On the surface, President Obama faces a classic foreign policy dilemma: The Iraqis are asking for U.S. military assistance to halt ISIS's dangerous offensive, but Obama has long promised the American people that he would withdraw the U.S. military from involvement in Iraq.

    Jun 17, 2014

  • t-call-experts-hr

    Multimedia

    Media Call on Armed Aerial Drones and U.S. Security

    Lynn Davis, Director of RAND's Washington office and senior political scientist hosted a news media conference call to discuss armed aerial drones and U.S. security.

    May 16, 2014

  • 415 Superscooper aircraft

    Blog

    Fighting Fires From Above

    A newly deployed airborne firefighting resource is helping the United States Forest Service (USFS) battle wildfires, while at the same time providing valuable lessons on the utility and cost effectiveness of water-dropping scooper aircraft.

    May 15, 2014

  • Report

    The Effectiveness of Remotely Piloted Aircraft in a Permissive Hunter-Killer Scenario

    This report analyzes the operational effectiveness of several new concepts for employing remotely piloted aircraft in a permissive hunter-killer mission.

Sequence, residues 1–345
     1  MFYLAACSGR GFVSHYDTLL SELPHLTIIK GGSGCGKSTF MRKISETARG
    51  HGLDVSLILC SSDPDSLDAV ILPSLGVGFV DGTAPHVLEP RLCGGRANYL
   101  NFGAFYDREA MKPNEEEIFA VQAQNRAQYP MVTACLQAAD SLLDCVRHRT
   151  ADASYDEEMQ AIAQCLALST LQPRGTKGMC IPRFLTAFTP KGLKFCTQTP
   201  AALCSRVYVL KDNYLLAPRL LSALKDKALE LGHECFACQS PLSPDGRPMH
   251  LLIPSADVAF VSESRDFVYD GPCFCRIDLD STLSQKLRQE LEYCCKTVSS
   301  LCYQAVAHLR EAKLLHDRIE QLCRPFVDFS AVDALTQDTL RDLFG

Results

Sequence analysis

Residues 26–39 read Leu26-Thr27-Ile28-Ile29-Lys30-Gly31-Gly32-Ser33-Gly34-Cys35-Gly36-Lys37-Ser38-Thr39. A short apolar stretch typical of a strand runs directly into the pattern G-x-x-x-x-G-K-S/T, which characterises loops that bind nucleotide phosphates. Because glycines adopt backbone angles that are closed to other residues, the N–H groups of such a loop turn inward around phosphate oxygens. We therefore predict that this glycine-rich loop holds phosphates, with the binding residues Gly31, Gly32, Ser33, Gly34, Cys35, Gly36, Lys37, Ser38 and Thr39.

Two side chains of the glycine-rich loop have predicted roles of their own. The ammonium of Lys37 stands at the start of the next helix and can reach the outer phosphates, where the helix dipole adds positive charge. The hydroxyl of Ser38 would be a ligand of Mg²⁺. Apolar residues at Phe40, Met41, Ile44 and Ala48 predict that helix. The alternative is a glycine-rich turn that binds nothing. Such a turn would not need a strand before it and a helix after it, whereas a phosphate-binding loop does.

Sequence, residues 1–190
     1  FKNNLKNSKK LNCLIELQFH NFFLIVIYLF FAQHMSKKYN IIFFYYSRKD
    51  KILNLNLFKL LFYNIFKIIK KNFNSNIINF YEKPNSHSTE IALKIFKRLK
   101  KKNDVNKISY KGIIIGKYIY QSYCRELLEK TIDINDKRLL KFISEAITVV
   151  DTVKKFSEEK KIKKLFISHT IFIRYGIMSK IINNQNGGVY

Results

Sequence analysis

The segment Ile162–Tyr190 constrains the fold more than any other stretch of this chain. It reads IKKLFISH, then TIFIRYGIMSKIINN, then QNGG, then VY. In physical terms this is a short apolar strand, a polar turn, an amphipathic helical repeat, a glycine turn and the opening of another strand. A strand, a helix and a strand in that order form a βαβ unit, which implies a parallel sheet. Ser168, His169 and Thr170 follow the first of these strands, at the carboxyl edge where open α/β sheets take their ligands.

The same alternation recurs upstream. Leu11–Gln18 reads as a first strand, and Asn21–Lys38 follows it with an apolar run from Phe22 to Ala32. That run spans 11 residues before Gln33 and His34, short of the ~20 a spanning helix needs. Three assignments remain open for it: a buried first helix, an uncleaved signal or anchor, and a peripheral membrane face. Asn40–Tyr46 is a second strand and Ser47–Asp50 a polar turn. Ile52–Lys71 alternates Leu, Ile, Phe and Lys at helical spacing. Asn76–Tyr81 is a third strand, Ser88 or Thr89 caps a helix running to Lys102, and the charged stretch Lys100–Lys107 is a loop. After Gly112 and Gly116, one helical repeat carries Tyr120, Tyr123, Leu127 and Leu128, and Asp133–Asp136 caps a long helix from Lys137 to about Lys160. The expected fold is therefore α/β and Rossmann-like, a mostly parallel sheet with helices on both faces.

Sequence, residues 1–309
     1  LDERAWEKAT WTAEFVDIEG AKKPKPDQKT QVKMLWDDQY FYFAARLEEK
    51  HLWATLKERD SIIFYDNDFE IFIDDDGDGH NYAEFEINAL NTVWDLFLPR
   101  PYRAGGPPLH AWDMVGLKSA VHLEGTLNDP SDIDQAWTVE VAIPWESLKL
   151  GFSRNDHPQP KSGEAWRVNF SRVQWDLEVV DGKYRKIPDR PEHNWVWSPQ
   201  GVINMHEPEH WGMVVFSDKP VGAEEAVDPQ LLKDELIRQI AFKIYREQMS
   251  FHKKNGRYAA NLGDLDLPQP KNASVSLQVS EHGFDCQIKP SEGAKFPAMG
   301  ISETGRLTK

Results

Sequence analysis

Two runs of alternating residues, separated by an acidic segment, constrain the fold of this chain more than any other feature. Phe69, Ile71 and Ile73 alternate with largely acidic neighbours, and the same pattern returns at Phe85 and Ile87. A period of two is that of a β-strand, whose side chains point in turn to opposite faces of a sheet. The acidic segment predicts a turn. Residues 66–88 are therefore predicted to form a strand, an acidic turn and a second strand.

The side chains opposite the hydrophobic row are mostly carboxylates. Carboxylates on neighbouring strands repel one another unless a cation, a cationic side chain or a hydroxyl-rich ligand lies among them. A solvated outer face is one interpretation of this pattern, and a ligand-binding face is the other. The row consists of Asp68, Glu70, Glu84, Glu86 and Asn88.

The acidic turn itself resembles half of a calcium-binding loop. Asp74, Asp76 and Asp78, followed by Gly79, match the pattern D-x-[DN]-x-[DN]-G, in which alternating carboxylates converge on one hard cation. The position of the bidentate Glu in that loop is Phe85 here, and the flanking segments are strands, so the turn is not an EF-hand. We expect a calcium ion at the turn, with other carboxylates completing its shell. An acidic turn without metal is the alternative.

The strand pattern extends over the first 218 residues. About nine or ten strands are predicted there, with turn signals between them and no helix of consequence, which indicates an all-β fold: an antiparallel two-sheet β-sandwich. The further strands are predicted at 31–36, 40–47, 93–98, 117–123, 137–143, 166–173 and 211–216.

May 9, 2014

  • DPU Soldiers conduct cyber defense exercise

    Blog

    Russia Hacks a U.S. Drone in Crimea as Cyberwarfare Has Gone Wireless

    For American audiences and policymakers alike, cyber activities in Crimea provide a chilling reminder that cyberspace is emerging as a 21st-century global battlefield.

    Apr 7, 2014

  • A U.S. Air Force MQ-1 Predator on its final approach to Indian Springs Auxiliary Field in Nevada

    Report

    Armed Aerial Drones and U.S. Security

    While armed drones are not truly transformative weapons, they do offer the United States some significant advantages, particularly against enemies that lack air defenses. How the United States uses these weapons today and into the future will be important in shaping a broader set of international norms that discourage their misuse by others.

    Apr 7, 2014

  • News Release

    China Faces Several Obstacles to Building Successful Domestic Commercial Aircraft Industry

    China's investment of billions of dollars in a domestic commercial aviation industry has yet to result in a commercially viable aircraft and is unlikely to do so for the foreseeable future.

    Apr 4, 2014

  • The testing platform for China's C919 jumbo jet, photo by Shanghai Daily - Imaginechina/AP

    Report

    China Faces Several Obstacles to Building Successful Domestic Commercial Aircraft Industry

    China's investment of billions of dollars in a domestic commercial aviation industry has yet to result in a commercially viable aircraft and is unlikely to do so for the foreseeable future.

    Apr 4, 2014

  • The Colorado River flows through Black Canyon, south of Hoover Dam